Then I did something really crazy. Six years ago, I enrolled in a journalism program for a masters and I’m finally getting there. I’ve got one more class and am putting my thesis together! I realized in order to be really good at [science communication], I had to do more than take a two-hour workshop.. Now I’ve had to go out and do the reporting, actually work as an editor in a magazine, and do all sorts of things. I feel like I can write better, I can interview people better, and I can make better products. 

But now at least when people interview me, I know how to tell them a good story that journalists can report accurately. They don’t have to piece together jumbled stuff that I give them – you can lead them into the bigger story. 

As a journalist, do you have any tips on how to efficiently communicate your research for graduate students?

 We always tell linear stories as scientists: this is a question, this is how we’re looking at it, this is what we found, this is what it means. That’s not how you talk to a journalist; they just want to hear the end. And they need it in fairly jargon-free, short, clear, concise sentences. We have a tendency to talk in very long sentences and go on and on and on to explain one little thing, which is what I’m doing right now.

It’s hard to gather your thoughts if you go into this cold. If you can get an idea, briefly, of what they’re going to ask you about, it’s good if you have time to sit down ahead and put together soundbites. These are little short sentences that make clear what’s happening and it’s always good to have some metaphor in there. So if you want to make a point, use some kind of cool visual term that will make it kind of interesting.

There’s a book, Escape from the Ivory Tower by Nancy Barron, which is a way for scientists to learn to communicate with the media – it’s an awesome book. There’s one page in particular in there called ‘The Message Box.’ If you do nothing more than to use that page, you’ll become a better communicator for science. In one of my journalism courses, they had us use this and now I never go into an interview without filling out a message box ahead. In fact, I have a whole stack that I pull back out, depending on what I’m doing. I would recommend that for any grad student or academic that wants to do interviews that they start with that message box approach. It’s really powerful.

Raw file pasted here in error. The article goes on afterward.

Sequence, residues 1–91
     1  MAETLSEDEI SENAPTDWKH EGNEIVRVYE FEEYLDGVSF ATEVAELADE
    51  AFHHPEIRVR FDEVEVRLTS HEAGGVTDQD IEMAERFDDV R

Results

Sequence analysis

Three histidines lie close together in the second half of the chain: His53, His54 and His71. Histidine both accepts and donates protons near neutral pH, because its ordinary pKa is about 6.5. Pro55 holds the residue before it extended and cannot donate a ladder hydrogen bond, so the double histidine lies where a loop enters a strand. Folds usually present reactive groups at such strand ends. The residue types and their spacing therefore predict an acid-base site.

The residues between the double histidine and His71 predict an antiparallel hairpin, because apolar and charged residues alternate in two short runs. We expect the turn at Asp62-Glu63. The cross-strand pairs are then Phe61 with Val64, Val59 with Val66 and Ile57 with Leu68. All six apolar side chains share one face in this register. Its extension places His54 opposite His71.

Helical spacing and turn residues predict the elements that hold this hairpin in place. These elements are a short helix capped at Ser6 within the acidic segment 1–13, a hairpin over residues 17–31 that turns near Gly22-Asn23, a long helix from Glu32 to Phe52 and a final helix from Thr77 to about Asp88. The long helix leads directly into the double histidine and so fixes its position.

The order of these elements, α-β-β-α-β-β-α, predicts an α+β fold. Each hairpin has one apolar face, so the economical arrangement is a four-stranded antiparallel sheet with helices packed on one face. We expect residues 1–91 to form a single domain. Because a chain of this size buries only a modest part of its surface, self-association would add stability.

Where do you see the field of science communication going?

All people going into science should learn good science communication skills. I don’t think everybody has to get a degree in journalism, but developing that as a skill is crucial.

One of the reasons that science has lost credibility is that people don’t understand it – they don’t hear about the science that’s being done. If scientists were communicating what they’re finding and it’s value more often, then appreciation for science would be stronger and people would see the value of it in their lives.  Even for people who are communicating about climate change – if you don’t understand your audience, the communication isn’t going to happen. So, learning how to be a good communicator of science is crucial and I think all graduate students should be doing some aspect of it. It should just become a natural part of training. 

Life of Pine featuring Diana Six from CJ O’Flair on Vimeo.

Your twitter bio says, “Climate change is real – just ask the bark beetles and pretty much all of nature.” Do you have a go-to spiel about climate change for those who deny it or aren’t so familiar with it?

I do it by examples that affect their lives. People don’t really become concerned unless it’s affecting something that’s very real and important to them. I think about what community they live in and what kinds of things that they do that are important to them. Then I’ll point out things that have likely changed in their lifetime that they can see. They often start to understand; then you can build on why those things are changing and how that could influence them. I can’t tell someone, ‘You need to worry about this because of polar bears.’ That makes them go ‘Oh I like polar bears and that’s a bummer,’ but it’s not going to affect them in their heart. So for me, when I give talks or meet with people, I try to bring it to the effects that are in their lives. 

Do you have any advice to give to new scientists who feel unhopeful about the future in the face of climate change?

This is the toughest time to be an ecologist. Ecologists study interactions between species but we’re seeing these interactions changing. They’re either being torn apart or enhanced. It’s not only just sort of depressing to see ecosystems you study begin to change and fall apart, and extinctions increasing, but this makes it increasingly difficult to study just basic questions.